7. Former Middletown High School, 112 Grand Avenue: Called “Twin Towers” for many years, the former high school opened in 1940 and was built as a Public Works Administration project. The building was designed by Robert R. Graham who also designed Central Fire House. Mr. Graham, who was well-known and respected as a school architect, described his design as “Modern Gothic.”
8. John Morris Cash house, 59-61 Wickham Avenue: John Morris Cash (1802-1846) purchased land from the Wickham estate in 1842 and built a house about the same time. The Greek Revival-styled house was built by John Kirby Moore (1811-1900) who was an architect and builder. The house at 34 East Avenue, also in the Greek Revival style, was another house built by Mr. Moore. The Cash house was placed on the National Register of Historic Places in 2017.
9. Iseman Building, 44-46 James Street: A number of Victorian-era store buildings in Middletown have remained much as they were when originally built. One fine example of this is the Iseman Building on James Street built 1889 for John E. Iseman. Mr. Iseman (1835-1921), a baker by trade, has the distinction of being the last village president and first mayor of Middletown in 1888. Peter F. Miller (1835-1919) was the contractor and the building was probably designed by Cornelius J. Sloat (1834-1898) who served as an alderman and designed a number of buildings in downtown Middletown.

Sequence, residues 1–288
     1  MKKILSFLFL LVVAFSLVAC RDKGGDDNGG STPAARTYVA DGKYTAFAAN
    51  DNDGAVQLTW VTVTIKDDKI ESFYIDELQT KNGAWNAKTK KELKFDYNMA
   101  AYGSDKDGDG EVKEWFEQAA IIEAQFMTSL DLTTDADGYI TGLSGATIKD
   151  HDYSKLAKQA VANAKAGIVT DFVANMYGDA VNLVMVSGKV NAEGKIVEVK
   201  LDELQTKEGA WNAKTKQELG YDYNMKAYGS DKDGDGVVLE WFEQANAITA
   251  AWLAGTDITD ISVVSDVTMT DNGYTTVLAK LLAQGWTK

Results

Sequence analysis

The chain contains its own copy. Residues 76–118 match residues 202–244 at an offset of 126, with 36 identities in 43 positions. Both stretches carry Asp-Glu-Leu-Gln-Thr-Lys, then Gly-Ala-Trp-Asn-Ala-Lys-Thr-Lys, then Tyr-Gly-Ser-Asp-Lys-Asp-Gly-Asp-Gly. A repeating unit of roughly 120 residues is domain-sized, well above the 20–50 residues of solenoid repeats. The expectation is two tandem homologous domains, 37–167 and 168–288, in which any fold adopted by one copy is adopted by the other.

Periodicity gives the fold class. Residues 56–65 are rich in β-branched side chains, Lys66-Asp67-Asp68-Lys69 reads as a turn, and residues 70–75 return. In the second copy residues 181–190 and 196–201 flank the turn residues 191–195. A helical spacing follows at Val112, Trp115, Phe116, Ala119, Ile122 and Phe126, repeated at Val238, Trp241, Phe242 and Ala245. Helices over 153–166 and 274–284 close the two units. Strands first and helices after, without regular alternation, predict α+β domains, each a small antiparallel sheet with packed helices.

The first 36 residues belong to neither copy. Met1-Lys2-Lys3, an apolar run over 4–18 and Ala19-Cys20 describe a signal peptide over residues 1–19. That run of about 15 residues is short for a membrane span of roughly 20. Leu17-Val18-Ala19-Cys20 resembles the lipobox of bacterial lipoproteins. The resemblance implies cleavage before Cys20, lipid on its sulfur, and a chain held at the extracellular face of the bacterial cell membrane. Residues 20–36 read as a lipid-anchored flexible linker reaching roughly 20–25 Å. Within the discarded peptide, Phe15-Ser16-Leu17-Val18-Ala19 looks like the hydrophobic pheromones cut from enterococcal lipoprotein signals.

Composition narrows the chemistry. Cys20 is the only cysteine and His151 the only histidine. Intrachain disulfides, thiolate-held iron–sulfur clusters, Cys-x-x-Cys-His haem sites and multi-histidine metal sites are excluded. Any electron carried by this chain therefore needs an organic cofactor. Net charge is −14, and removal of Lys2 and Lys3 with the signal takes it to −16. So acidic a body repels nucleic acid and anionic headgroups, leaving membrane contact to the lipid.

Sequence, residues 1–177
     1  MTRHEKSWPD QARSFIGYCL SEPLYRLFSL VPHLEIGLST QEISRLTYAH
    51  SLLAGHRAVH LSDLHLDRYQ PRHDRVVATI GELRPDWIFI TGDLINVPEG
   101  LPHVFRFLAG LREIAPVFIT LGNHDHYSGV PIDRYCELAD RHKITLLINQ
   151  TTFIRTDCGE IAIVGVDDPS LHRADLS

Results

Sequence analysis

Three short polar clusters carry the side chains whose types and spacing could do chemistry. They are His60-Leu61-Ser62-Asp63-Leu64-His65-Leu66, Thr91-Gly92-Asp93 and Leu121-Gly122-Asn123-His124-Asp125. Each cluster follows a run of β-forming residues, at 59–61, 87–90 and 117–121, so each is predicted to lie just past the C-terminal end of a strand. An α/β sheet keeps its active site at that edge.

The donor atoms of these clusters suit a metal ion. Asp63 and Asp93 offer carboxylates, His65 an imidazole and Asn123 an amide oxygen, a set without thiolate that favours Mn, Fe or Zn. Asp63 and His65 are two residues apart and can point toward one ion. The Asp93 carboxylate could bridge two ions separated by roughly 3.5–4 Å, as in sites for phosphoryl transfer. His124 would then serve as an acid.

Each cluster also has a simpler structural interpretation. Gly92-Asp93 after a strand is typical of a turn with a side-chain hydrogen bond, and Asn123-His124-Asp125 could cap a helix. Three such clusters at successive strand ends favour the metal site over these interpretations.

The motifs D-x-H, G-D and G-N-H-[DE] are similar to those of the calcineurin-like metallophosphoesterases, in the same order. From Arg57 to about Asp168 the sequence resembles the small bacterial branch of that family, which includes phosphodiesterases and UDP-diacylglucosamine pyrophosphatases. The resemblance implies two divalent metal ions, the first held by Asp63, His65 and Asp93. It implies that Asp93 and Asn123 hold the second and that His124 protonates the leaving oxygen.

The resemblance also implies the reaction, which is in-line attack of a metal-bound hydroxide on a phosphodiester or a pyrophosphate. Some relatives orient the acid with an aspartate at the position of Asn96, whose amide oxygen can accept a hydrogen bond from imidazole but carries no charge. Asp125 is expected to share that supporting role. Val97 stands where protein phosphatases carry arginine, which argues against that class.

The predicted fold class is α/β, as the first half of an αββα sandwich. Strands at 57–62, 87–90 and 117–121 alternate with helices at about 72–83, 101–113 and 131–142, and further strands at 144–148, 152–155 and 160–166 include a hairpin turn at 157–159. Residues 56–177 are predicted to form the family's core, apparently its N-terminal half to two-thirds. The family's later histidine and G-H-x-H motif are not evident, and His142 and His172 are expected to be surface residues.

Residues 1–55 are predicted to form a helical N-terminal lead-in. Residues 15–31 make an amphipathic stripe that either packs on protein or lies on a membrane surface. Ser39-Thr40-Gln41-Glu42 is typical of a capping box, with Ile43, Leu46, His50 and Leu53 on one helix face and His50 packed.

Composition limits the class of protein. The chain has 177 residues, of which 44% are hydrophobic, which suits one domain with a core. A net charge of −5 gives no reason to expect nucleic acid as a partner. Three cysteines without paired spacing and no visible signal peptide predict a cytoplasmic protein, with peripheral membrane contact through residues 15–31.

10. Edwin Welling Van Duzer Memorial Home, 25 East Avenue: Another well-preserved example of Victorian architecture, this nice Queen Anne-styled house was built for Mr. Van Duzer (1860-1916) in 1887 as a gift from his father J. R. Van Duzer, a Middletown furniture dealer. The house was constructed by the Lindsey Brothers and designed by Frank J. Lindsey. In 1939, Harriett Decker Van Duzer, Edwin’s widow, donated the house to the Historical Society of Middletown and the Wallkill Precinct, Inc. who continue to operate the house as a museum and research center.
This represents just a small selection of some of the fine homes and buildings in the City of Middletown. Whether walking through the downtown business district or in residential areas, there are many interesting structures to be seen.